Bar-Ilan University's Parashat Hashavua Study Center

Parashat Ki-Tisa 5770/ March 6, 2010

Lectures on the weekly Torah reading by the faculty of Bar- Ilan University in Ramat Gan, Israel. A project of the Faculty of Jewish Studies, Paul and Helene Shulman Basic Jewish Studies Center, and the Office of the Campus Rabbi. Published on the Internet under the sponsorship of Bar- Ilan University's International Center for Jewish Identity. Prepared for Internet Publication by the Computer Center Staff at Bar-Ilan University. Inquiries and comments to: Dr. Isaac Gottlieb, Department of Bible, gottlii@mail.biu.ac.il

 

"Joshua would not stir out of the Tent"

Adi Blecher

Doctoral student in the Department of Bible

 

The description, almost in passing, of Joshua, Moses’ attendant – “but his attendant, Joshua son of Nun, a youth, would not stir out of the Tent” (Ex. 33:11)-- concludes a passage (Ex. 33:7-11) that describes in detail how G-d communicated with Moses and the people immediately after the sin of the golden calf.

Scripture describes how Moses would dismantle his tent from amidst the Israelite camp and pitch it outside the camp.   When the Lord sought to meet with Moses, He did it tangibly through a pillar of cloud, representing the Divine Presence which would stand at the entrance of the tent, where it was visible to all the Israelites.  The people’s response, as they witnessed this tangible encounter, is depicted as showing great respect for their leader (by rising) and for the Lord (by bowing).   Presumably when the cloud subsided after the encounter, Moses would return to the camp in order to relay the Lord’s command to the people.  This passage then concludes by relaying to us that Joshua, Moses’ attendant, “would not stir out of the Tent.”

A Role Model?

This brief remark about Joshua has been elucidated at length by the Sages, who saw in this description a model of the disciple who stands by his Rabbi and his teachings, not letting up from his studies for a moment. [1]   Whoever follows the plain sense of Scripture, however, will seek to discover what this passage about Joshua tells us in context.  The description of Joshua’s habitual behavior—this is what the verbal form lo yamish means-- contrasts with the habitual behavior of Moses, described in the first part of the verse.  Moses would go back and forth between the tent, where he would receive prophetic revelation, and the camp, where he delivered the substance of the revelation to the people.   Thus we can view the structure of the verse as follows:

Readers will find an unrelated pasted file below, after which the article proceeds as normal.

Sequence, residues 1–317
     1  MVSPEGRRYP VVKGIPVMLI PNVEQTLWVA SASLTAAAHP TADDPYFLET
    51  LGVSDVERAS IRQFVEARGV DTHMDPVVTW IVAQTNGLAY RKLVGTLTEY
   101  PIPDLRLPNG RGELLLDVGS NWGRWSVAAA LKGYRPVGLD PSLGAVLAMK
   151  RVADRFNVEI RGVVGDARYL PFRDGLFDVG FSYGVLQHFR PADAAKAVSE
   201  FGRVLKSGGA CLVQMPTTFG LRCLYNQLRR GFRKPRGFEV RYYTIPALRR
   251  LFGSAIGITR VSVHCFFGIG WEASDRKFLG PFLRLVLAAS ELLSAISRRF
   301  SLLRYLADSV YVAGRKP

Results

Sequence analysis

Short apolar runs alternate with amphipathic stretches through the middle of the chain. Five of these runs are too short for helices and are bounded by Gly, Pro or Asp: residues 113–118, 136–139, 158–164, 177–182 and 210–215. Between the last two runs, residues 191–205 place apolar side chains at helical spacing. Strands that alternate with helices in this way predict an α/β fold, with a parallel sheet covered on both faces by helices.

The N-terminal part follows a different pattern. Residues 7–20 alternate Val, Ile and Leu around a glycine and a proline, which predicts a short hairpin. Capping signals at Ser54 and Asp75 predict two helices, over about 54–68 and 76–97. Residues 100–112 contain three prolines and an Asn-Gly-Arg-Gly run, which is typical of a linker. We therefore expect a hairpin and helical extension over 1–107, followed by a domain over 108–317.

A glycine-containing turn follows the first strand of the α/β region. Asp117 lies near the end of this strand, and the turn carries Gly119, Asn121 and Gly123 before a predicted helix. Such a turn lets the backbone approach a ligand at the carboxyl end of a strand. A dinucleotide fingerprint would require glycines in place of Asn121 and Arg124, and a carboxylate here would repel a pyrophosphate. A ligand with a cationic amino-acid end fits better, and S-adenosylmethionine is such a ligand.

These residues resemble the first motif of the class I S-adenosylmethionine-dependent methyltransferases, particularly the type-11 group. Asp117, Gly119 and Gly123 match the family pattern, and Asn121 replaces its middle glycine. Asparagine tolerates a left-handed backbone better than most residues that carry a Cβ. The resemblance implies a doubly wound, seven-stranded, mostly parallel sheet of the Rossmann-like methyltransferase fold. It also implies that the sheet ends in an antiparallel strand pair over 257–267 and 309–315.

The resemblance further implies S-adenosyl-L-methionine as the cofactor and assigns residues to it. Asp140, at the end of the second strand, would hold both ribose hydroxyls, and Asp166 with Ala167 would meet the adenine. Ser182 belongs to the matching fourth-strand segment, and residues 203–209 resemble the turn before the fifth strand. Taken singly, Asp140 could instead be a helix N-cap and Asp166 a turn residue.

The Lord would speak to Moses face to face,      but his attendant, Joshua son of Nun,

as one man speaks to another.                               a youth

And he would then return to the camp;                would not stir out of the Tent.

 

The most striking difference between these two figures is in their mobility.  The former would leave the Tent of Meeting at the conclusion of his meeting and return to camp, whereas the latter would not stir out of the Tent.   Several reasons have been given for Joshua remaining in the Tent, with appropriate circumstances presented for each.

Some people explain that in Moses’ absence (when he would return to the camp), Joshua would guard the Tent of Meeting. [2]   Others explain Joshua’s presence in the Tent in the context of the Divine revelation to Moses taking place “face to face.” [3]   In their view Scripture emphasizes that in spite of Joshua’s extreme closeness to Moses he was not party to the special revelation of the Lord to Moses.  These explanations take the title given Joshua – “a youth” – as meaning that he was his attendant, subordinate to his master and assisting him in various matters.   This leads us to a sharper understanding of another difference between Moses and Joshua.  The former enjoyed a uniquely elevated status in which the Lord spoke to him on a par, as it were, while the latter, “a youth,” was of a lower status. [4]   Nevertheless, these interpretations do not explain why the verse would add the word "youth", after having just called him Moses’ “attendant.”

Others explain the word “youth” as simply referring to Joshua’s age, [5] but such an explanation lacks literary justification—why note this fact?